As discussed before, a pregnant employee can face many different legal issues with her employer that impact many different laws including the Pregnancy Discrimination Act (PDA), The Americans with Disabilities Act (ADA), Family Medical Leave Act (FMLA) and possibly the Genetic Information Nondisclosure Act (GINA). Pregnant employees also need to know about their short term and long term disability insurance plans and how they interact with these laws. Most of these laws clearly cover natural pregnancy and adoption, but what about birth by surrogate?
That issues is now being addressed in a recently filed case. A US businesswoman is suing her employer after she was allegedly denied maternity leave following the birth of her twins through a surrogate mother.
Kara Krill, a clinical business manager at the Massachusetts-based company Cubist Pharmaceuticals, is claiming breach of contract, breach of good faith and fair dealing, discrimination on the basis of her disability and gender, and negligent misrepresentation by the company. She is seeking an injunction against Cubist, as well as compensatory and punitive damages.
Krill developed Asherman’s Syndrome – a condition which rendered her infertile – following the birth of her first child. When she and her husband decided to have a second child they used a surrogate. The resulting twins are biologically related to both Krill and her husband.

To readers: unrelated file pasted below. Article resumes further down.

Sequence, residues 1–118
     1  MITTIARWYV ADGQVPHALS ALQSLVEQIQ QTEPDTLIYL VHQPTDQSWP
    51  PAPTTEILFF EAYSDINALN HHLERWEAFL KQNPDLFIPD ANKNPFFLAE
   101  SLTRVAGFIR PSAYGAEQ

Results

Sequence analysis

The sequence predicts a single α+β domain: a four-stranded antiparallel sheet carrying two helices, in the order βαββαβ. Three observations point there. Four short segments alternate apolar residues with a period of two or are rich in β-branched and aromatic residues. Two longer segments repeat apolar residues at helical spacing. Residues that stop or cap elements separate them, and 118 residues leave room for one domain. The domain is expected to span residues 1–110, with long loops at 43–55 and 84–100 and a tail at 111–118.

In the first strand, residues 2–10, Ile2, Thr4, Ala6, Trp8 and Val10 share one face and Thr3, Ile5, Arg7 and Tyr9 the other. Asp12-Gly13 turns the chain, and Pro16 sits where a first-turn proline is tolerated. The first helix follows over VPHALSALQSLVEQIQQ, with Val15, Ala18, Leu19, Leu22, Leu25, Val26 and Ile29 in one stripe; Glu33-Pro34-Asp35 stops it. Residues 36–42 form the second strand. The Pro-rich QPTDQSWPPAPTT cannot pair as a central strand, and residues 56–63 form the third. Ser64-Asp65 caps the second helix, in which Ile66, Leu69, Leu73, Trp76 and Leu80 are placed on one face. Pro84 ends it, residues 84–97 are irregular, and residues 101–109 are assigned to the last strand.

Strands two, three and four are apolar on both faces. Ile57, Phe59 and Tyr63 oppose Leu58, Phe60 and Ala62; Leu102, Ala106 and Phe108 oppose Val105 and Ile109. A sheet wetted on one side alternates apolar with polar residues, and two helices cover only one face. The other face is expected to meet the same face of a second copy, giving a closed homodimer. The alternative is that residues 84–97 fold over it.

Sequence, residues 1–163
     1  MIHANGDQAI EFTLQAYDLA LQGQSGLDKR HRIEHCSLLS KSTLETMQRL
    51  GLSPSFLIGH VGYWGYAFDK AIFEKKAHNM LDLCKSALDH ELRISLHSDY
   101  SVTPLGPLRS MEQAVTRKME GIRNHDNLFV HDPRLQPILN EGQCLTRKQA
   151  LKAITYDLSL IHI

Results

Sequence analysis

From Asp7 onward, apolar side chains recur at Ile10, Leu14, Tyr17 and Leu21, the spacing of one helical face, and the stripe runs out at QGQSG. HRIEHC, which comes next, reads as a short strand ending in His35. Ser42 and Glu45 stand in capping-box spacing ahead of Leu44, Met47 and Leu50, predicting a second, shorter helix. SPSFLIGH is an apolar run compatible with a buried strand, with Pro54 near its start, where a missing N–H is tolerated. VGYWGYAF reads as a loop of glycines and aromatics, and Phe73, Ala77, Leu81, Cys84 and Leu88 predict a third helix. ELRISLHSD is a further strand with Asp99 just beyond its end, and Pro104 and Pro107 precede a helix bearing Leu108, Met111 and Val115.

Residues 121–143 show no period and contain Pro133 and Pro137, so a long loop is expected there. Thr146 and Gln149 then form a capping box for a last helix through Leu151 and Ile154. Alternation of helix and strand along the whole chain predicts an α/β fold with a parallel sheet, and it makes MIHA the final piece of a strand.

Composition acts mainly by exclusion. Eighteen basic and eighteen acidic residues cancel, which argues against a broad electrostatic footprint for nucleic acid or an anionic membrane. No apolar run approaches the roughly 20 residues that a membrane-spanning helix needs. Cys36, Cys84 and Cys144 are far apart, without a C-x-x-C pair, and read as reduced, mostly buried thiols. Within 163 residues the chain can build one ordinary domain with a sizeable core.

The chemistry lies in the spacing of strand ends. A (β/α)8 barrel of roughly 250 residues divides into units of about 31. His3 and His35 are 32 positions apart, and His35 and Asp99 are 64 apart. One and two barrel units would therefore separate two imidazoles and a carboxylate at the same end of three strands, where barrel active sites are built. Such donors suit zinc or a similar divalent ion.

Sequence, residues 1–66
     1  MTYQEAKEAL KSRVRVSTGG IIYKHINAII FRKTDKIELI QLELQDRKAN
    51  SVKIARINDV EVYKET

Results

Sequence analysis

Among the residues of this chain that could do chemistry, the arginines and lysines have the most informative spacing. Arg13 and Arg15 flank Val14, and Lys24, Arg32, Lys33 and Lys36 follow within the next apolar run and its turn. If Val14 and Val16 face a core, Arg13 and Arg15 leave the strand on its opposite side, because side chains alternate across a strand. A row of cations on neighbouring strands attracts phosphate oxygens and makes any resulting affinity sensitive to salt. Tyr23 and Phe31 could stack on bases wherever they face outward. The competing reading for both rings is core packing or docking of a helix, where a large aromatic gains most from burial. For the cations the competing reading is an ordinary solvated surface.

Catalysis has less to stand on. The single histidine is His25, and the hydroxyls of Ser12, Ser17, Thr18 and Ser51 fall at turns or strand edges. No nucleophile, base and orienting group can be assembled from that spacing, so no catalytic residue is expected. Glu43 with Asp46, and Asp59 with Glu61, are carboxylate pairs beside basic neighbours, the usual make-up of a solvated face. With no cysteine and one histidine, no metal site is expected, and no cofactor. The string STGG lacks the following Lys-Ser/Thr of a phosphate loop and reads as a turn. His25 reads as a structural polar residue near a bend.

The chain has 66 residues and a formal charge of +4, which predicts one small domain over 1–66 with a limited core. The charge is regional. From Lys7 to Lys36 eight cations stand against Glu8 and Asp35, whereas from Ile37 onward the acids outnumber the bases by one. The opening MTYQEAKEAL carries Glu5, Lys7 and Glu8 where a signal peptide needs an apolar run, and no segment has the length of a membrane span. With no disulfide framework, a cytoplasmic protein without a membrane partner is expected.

Following her first pregnancy, Krill was given 13 weeks of paid leave under the company’s maternity leave policy. However this time Krill says she was informed that she would only be entitled to five days of paid leave and up to $4,000 in expenses – as is offered to adoptive parents. Paternity leave under Cubist’s policy is also five paid days.
In her letter of complaint to Cubist, Krill stated: ‘But for my physical disability, I would be receiving the paid maternity leave offered by Cubist. Accommodating my disability would not require [Cubist] to provide me with any more benefit than other mothers’. Furthermore, she complained of discrimination and verbal abuse by her supervisor in the workplace due to her disability and surrogacy arrangement.
What do you think about Krill’s situation?
If you or someone you know is pregnant, and are not sure how to navigate the maze of legal issues that face you, feel free to call Scott Behren and the Behren Law Firm for a free consultation.